It came just three days after Mr Johnson was photographed running in a suit shirt and shorts with black socks after appearing to have forgotten his sports kit.

He was also wearing black shoes that looked suspiciously formal – although aides insisted they were in fact trainers. 

The former PM donned his shorts, a casual jumper and trainers as he jogged through the capital

Mr Johnson shuts his eyes as the wind appears to blow his hair back during a chilly London morning 

It comes as Ms Truss faced questions over the ‘declining’ sterling. 

Shai Weiss, chief executive of Virgin Atlantic, urged the Prime Minister to take a ‘difficult decision’ which will boost the currency’s value.

Economists fear sterling could slump to parity with the US dollar this year for the first time. It sat at about 1.08 US dollars on Tuesday.

Speaking at a press conference in central London, he said: ‘The weakness of the pound is hurting, not Virgin Atlantic, it’s hurting the economy and it’s hurting consumers because it’s actually fulfilling or fuelling the inflation vicious cycle that we’re in.

‘We buy planes and fuel in dollars. Thankfully we took some very smart financial positions that will ease the burden of the decline in the pound over the next 12 months.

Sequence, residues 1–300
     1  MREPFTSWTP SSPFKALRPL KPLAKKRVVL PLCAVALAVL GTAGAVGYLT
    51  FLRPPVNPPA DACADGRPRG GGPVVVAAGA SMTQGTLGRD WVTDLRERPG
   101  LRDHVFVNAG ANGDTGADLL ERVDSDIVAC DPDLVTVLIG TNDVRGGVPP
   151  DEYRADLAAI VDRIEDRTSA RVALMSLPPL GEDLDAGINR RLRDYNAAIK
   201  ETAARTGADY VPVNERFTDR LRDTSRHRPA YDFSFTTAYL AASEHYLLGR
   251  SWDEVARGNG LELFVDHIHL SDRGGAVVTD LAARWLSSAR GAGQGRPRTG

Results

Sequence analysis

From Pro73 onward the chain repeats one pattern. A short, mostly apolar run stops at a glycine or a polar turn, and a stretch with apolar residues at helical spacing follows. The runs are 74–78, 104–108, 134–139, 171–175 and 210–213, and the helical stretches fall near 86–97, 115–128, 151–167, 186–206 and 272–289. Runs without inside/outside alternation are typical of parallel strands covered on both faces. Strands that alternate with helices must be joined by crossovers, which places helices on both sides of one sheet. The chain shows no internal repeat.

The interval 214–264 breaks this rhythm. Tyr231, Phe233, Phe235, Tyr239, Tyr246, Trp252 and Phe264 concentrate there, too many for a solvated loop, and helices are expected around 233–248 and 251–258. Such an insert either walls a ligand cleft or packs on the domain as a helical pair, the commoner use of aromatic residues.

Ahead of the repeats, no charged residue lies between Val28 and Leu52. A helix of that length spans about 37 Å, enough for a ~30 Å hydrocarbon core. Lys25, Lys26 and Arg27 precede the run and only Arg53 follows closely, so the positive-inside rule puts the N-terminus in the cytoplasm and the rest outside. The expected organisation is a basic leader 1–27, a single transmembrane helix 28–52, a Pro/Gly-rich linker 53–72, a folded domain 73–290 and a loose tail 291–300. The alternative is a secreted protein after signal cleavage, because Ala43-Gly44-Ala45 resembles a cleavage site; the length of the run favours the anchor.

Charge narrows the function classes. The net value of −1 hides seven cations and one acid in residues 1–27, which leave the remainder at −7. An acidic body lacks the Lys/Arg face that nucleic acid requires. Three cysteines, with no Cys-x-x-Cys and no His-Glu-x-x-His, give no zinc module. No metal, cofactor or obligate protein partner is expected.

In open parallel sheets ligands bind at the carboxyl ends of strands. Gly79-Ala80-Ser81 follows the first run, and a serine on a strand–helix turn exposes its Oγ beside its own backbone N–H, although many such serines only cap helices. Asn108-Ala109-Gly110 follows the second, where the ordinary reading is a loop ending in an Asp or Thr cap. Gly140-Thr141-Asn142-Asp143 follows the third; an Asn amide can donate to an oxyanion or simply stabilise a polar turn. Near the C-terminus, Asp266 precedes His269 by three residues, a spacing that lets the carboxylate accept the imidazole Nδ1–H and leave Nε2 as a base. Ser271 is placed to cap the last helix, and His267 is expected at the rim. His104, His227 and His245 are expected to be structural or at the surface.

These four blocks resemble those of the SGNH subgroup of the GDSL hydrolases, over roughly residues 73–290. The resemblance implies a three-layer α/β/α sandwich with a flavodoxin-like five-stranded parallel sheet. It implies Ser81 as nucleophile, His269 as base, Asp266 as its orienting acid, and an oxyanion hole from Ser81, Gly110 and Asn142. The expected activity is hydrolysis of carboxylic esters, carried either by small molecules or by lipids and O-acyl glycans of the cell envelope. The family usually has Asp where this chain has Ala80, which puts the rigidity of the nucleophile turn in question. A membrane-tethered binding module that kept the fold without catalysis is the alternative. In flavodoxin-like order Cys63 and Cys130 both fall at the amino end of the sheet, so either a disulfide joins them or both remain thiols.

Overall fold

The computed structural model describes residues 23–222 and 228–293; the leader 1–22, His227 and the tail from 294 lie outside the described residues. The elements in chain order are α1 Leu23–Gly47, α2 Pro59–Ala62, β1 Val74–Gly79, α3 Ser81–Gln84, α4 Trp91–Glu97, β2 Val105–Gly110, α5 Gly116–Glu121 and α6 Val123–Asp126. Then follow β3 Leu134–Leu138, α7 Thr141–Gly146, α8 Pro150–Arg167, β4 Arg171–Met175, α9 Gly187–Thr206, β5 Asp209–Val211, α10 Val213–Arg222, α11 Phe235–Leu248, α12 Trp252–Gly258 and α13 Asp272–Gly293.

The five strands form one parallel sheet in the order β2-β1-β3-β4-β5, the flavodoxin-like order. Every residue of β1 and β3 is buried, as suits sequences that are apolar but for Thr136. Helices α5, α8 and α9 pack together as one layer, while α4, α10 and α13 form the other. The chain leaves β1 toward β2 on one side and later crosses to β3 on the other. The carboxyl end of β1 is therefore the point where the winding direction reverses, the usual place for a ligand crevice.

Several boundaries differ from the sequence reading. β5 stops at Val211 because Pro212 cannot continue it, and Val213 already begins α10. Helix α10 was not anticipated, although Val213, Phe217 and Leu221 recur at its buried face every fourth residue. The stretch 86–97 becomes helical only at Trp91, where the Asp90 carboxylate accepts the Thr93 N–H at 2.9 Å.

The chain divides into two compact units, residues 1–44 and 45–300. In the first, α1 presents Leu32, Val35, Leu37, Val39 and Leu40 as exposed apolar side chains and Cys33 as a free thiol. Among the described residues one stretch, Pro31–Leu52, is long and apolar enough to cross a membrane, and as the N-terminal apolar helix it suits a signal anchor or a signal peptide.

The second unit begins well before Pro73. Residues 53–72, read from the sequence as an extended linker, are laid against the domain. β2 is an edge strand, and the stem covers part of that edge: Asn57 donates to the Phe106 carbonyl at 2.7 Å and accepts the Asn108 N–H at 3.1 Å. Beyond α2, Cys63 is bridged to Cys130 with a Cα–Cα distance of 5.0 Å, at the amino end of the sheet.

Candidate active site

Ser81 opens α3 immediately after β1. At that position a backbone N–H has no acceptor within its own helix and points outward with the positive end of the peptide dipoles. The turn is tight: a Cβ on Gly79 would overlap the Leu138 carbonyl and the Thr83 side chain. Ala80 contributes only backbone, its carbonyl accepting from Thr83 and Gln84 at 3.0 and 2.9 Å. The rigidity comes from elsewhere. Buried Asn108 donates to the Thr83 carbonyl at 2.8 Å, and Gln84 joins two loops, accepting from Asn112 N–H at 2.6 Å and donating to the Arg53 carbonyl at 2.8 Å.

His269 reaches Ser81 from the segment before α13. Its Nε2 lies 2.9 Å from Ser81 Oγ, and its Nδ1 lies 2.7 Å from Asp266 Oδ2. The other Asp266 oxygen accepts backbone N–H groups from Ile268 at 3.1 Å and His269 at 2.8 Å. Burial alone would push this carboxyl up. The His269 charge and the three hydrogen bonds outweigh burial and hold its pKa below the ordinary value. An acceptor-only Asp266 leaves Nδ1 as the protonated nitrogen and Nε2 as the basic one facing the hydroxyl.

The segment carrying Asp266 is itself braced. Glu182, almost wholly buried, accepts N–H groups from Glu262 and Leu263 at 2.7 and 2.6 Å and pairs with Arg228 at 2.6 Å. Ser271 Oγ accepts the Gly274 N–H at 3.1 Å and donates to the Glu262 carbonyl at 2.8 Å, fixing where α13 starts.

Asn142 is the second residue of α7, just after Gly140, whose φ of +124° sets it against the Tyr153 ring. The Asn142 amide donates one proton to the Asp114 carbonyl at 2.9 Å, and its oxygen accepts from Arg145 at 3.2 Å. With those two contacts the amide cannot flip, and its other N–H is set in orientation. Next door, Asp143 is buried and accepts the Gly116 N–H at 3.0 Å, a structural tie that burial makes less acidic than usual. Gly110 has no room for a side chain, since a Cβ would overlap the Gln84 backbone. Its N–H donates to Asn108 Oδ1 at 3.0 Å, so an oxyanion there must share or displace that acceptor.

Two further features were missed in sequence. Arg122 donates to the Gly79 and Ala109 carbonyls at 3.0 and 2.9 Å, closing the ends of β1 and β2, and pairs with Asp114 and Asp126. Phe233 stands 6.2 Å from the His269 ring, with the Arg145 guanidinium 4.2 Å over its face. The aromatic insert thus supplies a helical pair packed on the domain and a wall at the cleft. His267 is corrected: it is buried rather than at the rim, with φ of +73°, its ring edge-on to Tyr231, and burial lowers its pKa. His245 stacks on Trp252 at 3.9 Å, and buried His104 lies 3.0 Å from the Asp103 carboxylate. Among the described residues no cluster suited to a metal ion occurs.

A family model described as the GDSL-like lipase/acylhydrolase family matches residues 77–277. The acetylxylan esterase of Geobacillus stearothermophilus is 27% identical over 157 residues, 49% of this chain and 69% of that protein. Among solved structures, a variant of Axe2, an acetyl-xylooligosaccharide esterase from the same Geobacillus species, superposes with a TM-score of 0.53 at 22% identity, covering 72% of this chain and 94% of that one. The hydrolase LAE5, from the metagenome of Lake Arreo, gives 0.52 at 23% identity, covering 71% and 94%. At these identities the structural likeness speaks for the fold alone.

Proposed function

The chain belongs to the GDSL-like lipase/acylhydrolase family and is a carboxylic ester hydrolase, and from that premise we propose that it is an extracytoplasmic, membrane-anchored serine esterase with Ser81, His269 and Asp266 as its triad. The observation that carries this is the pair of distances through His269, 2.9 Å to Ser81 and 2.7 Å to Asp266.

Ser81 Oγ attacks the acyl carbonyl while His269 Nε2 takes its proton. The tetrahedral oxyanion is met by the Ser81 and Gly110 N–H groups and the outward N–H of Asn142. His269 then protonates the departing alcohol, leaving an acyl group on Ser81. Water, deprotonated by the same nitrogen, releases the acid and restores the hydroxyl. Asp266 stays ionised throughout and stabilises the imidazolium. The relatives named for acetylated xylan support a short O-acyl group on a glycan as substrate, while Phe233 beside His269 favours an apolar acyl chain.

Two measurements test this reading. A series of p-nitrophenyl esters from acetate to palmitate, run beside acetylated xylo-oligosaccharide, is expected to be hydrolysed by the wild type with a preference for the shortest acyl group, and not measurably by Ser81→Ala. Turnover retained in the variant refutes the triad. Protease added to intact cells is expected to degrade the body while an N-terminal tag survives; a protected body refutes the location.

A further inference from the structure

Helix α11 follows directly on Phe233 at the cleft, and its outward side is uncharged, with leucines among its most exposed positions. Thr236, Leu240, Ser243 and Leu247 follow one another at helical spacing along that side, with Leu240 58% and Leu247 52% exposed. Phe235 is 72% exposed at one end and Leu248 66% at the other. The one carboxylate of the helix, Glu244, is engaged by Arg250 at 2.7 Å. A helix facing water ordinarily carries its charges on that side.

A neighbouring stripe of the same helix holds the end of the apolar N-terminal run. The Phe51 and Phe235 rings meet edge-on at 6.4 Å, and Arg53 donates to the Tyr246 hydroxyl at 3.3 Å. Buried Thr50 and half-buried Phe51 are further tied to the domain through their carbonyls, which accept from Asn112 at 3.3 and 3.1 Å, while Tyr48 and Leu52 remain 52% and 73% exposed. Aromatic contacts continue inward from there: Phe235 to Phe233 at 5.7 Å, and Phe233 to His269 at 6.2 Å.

‘The message to Government is pretty clear in my mind. Prime Minister Liz Truss has taken difficult decisions upon entering into the role.

‘Maybe you need to take a more difficult decision to reverse the declining pound and ensure that this country is not left with unsustainable perceived weakness in international markets, which of course then impact interest rates, impact consumers, impact mortgage rates, impact the entire economy.

‘So yes, we are concerned. The fundamentals are strong, but we’re concerned of course like everyone else in this country with the economic environment in which we operate.’ 

Ms Truss also faces the first Cabinet revolt of her fledgling premiership over plans to ease immigration rules to help boost the economy. 

Senior figures including Home Secretary Suella Braverman and Business Secretary Jacob Rees-Mogg are believed to be unhappy at a possible relaxing of rules governing the shortage occupations list.

These are jobs where there is a particular lack of people to fill posts and the cap on numbers limiting arrivals to 30,000 to 40,000 people could be raised. 

Other relaxations could include watering down the requirement to speak English to a certain proficiency, the Telegraph reported.

A source told the Daily Telegraph: ‘The Home Secretary does not believe that reducing net migration needs to mean we go to lower growth. You can achieve both. You can solve the economic bottlenecks that need to have higher skills but at the same time bring down aggregate migration.’ 

However a Downing Street source insisted that the plan would involved ‘increasing numbers in some areas and decreasing in others’.

‘As the Prime Minister has made clear, we also want to see people who are economically inactive get back into work,’ they added.